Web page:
The funny thing about growing up in south Arkansas and being a person who read a lot of books and learned to read from what I presume was a White man, is that I always was told that I talked White. And so that was something that I dealt with a lot. But my grandma always told me, “Just keep bein’ you and talkin’ White like you do; it’ll take you places.” Which she talked the same way, and so I guess I learned it from her ‘cause that’s who I spend most of my time with. But I always thought that was something very interesting and still happens today in southeast Arkansas. Um, even if I go to visit, most people still ask me where I’m from. And I’m like, “I’m from right here. I’m Joe’s daughter,” which people don’t really — they kind of forget, uh, ‘cause I live so far away. But, um, it’s definitely a different thing, um, growing up and and “having an education” is what they call it or “acting White/talking White.” So, it was very funny.
TRANSCRIBED BY: Ben Corbett
DATE OF TRANSCRIPTION (DD/MM/YYYY): 13/01/2021
PHONETIC TRANSCRIPTION OF UNSCRIPTED SPEECH: N/A
TRANSCRIBED BY: N/A
DATE OF TRANSCRIPTION (DD/MM/YYYY): N/A
The [r] consonant at the end or near the end of many words is strong and lengthened (cure, superb, her, rare, bird, required, course, share, very).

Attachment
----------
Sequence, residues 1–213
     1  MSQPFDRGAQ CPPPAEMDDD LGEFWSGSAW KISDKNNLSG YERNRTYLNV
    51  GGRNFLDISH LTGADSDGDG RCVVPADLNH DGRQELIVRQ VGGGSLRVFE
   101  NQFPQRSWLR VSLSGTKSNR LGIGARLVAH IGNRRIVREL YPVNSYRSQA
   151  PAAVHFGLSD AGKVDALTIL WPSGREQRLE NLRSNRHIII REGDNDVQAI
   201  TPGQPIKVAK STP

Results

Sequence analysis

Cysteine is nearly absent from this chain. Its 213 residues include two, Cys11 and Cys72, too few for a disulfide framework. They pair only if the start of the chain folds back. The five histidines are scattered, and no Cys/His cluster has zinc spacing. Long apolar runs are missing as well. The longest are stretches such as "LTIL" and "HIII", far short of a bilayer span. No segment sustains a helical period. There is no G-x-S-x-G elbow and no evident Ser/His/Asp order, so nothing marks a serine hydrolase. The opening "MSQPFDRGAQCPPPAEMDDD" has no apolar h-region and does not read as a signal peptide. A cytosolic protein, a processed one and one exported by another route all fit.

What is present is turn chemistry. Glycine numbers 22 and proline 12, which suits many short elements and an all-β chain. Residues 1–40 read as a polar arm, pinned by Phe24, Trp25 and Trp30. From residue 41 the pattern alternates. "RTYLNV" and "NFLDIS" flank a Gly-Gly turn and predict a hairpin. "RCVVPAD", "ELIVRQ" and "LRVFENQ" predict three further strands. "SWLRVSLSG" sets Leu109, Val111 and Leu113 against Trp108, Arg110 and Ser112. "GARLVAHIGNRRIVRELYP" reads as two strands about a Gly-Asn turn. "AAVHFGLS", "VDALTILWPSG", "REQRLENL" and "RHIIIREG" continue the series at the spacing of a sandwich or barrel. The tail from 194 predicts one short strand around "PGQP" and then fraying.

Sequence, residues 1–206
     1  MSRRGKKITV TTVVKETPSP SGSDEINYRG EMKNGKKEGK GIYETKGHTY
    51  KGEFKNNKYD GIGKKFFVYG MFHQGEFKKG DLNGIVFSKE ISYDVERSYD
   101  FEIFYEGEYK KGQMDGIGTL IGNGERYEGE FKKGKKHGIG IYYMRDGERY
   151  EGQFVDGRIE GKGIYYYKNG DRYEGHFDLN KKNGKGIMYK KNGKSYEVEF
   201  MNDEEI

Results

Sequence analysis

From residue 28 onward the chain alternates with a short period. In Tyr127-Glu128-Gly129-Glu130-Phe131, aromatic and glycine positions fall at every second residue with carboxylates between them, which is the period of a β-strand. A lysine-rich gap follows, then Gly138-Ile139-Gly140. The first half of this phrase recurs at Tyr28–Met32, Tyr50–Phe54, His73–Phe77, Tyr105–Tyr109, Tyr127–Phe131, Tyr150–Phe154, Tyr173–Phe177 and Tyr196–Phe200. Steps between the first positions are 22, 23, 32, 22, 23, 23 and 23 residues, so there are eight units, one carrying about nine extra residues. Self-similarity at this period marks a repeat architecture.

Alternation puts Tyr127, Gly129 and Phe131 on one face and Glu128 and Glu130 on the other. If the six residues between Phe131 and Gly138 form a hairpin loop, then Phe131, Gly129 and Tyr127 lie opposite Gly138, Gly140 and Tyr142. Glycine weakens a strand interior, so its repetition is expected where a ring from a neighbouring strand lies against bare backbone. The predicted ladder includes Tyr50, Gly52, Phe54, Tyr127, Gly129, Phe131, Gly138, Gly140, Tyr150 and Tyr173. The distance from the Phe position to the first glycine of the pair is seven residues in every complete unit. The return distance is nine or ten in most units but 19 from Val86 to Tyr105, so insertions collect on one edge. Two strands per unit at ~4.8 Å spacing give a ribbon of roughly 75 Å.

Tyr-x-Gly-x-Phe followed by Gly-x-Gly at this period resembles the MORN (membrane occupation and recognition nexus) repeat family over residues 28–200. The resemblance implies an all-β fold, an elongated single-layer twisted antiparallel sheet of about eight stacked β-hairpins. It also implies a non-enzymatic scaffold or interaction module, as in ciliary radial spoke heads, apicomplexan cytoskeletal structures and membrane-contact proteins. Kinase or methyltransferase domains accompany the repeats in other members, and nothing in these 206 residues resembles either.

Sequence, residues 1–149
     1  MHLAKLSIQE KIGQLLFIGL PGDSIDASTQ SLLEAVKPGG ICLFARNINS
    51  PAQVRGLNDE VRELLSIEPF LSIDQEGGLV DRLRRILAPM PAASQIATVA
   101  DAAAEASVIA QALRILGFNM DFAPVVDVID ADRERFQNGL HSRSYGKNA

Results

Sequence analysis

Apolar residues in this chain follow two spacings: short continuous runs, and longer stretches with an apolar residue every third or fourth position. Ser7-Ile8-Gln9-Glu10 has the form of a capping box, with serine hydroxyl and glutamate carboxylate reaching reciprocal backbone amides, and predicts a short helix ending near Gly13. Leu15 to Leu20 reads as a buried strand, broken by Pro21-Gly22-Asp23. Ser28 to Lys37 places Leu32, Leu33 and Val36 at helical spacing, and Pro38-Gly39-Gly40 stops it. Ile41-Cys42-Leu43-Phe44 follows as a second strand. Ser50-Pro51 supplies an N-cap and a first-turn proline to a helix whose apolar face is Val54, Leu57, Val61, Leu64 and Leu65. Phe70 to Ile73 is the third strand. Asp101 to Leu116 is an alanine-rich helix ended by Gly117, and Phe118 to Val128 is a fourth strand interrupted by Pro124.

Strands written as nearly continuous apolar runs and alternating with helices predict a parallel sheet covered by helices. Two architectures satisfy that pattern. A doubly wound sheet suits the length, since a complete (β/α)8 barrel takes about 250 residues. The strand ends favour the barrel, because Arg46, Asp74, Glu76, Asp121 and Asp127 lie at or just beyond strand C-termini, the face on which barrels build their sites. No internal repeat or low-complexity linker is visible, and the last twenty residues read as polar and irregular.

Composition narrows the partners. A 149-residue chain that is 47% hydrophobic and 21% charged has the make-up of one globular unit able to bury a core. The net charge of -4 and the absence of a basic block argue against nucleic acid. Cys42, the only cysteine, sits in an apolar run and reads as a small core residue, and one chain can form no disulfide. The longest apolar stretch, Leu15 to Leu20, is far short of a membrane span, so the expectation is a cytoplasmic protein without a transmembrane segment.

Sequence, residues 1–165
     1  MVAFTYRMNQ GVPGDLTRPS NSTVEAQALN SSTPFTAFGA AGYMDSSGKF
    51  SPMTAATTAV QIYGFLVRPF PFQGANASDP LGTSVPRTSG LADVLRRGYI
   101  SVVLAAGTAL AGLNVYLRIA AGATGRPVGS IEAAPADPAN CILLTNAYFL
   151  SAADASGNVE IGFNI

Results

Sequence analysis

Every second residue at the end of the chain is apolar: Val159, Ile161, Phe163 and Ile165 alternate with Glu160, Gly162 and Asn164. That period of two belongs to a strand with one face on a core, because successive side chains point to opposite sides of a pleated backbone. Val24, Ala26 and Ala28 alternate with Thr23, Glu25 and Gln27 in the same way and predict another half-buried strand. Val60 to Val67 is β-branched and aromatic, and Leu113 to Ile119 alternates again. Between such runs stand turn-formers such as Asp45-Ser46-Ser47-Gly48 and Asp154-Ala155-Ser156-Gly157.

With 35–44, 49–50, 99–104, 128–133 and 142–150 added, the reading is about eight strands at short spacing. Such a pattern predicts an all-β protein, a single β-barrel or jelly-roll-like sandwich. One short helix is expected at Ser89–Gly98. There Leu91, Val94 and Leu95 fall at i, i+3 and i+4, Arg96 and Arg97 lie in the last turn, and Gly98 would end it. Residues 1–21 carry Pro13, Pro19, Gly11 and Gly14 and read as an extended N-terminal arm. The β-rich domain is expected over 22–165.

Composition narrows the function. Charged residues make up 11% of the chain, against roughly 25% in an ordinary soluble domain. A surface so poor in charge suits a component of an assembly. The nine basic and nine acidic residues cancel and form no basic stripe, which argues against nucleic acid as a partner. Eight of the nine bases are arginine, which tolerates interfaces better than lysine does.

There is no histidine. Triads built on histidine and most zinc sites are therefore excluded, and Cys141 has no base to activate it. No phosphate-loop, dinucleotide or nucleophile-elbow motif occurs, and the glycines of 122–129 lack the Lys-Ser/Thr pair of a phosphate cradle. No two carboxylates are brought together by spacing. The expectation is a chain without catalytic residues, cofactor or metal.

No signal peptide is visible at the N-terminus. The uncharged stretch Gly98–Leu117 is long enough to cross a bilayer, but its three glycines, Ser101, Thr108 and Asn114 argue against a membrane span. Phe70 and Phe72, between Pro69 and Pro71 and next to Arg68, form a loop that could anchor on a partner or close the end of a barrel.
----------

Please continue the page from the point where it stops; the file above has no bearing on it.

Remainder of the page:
GOOSE [u] words often have a schwa [ə]. The [u] vowel also receives significant emphasis (zoo, goose, food, booming, duke, tune).
Ending plosive consonants [d] and [t] are sometimes not formed (almost, first, stressed, washed, kept, act).
The consonant cluster [st] often uses consonant [ʃ] (strut, strong, administered, extreme, straight).
Note the TALKING [ŋ] words when [ŋ] sound is occasionally followed by a [g] GAP sound (growing, going).
The subject occasionally uses the [ɔ] THOUGHT vowel (thought, daughter).
Monophthongization of diphthongs sometimes happens in PRICE [aɪ] words (surprising, private, required, finally).
DRESS [e] words occasionally use short vowel [ɪ] KIT (any).
FLEECE [i] words occasionally use short vowel [ɪ] KIT (feel).
The FOOT [ʊ] vowel is used in the word “took.”
The GOAT [o] vowel is used in the word “woman.”
The FACE [eɪ] diphthongs approaches the PRICE [aɪ] diphthong in the word “plain.”
The final vowel sound of the word “Arkansas” is formed with a [ɔ] THOUGHT vowel.
The subject uses vocal fry in the last words of sentences in her unscripted speech.
COMMENTARY BY: Ben Corbett
DATE OF COMMENTARY (DD/MM/YYYY): 14/01/2021
The archive provides:
- Recordings of accent/dialect speakers from the region you select.
- Text of the speakers’ biographical details.
- Scholarly commentary and analysis in some cases.
- In most cases, an orthographic transcription of the speakers’ unscripted speech. In a small number of cases, you will also find a narrow phonetic transcription of the sample (see Phonetic Transcriptions for a complete list). The recordings average four minutes in length and feature both the reading of one of two standard passages, and some unscripted speech. The two passages are Comma Gets a Cure (currently our standard passage) and The Rainbow Passage (used in our earliest recordings).
For instructional materials or coaching in the accents and dialects represented here, please go to Other Dialect Services.